Note: the LARGE function will easily return nth values, but LARGE will return duplicates when they exist in the source data. In the example shown, the formula in E6 is: Where “rng” is the named range B5:B11 Once we have the largest value established, we create another formula that simply checks all values in the named range “rng” against the “last largest value”: Note: this is an array formula and must be entered with control + shift + enter. Any value that is lower than the “last largest” survives the test, and any value that’s not ends up FALSE. The resulting array looks like this: As the formula is copied down the column, E5 increments at each row, so that MAX and IF return a new array. The MAX function continues to return the largest value in each array — the nth value in the series. It would be great to have an all in one formula that deals with n directly. If you have one, chime in below.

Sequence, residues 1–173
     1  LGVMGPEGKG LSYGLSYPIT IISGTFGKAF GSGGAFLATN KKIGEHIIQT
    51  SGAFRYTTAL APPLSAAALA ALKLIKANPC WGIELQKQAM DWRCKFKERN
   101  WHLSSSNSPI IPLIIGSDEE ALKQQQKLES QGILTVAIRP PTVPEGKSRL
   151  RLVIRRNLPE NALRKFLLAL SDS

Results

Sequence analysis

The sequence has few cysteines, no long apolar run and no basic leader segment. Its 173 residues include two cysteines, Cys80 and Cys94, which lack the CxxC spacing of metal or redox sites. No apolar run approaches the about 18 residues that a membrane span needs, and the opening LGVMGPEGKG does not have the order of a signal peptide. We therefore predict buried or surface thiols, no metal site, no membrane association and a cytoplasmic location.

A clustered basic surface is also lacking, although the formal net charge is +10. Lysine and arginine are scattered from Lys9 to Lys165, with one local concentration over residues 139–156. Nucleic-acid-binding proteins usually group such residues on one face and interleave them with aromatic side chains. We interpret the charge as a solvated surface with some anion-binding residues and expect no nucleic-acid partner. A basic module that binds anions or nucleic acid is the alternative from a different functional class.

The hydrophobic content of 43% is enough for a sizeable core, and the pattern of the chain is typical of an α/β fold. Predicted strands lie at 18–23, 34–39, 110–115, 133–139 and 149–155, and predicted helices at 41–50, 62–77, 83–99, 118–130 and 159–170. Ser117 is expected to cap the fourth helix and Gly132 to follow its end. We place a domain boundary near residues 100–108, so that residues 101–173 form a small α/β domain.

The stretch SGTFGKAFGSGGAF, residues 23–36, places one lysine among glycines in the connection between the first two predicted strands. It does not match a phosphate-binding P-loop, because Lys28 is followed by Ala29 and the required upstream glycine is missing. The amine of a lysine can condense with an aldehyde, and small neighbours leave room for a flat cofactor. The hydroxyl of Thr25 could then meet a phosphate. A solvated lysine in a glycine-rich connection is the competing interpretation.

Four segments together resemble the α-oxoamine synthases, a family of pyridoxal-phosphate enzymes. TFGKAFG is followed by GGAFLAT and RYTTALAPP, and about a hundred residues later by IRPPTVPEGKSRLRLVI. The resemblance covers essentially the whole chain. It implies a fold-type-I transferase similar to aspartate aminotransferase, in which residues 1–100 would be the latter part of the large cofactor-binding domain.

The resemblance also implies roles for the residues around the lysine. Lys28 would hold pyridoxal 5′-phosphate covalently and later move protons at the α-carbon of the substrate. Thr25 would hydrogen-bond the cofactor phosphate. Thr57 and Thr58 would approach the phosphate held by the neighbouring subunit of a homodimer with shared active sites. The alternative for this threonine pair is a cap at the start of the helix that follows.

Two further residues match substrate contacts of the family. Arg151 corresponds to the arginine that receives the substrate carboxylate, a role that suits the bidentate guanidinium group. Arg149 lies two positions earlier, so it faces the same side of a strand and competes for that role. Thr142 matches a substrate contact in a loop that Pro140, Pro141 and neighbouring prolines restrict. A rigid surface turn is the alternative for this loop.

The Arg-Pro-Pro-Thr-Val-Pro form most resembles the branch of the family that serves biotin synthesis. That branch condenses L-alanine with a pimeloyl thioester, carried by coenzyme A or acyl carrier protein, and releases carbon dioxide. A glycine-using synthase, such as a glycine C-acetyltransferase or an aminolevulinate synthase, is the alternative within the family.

### Dave Bruns

Hi - I’m Dave Bruns, and I run Exceljet with my wife, Lisa. Our goal is to help you work faster in Excel. We create short videos, and clear examples of formulas, functions, pivot tables, conditional formatting, and charts.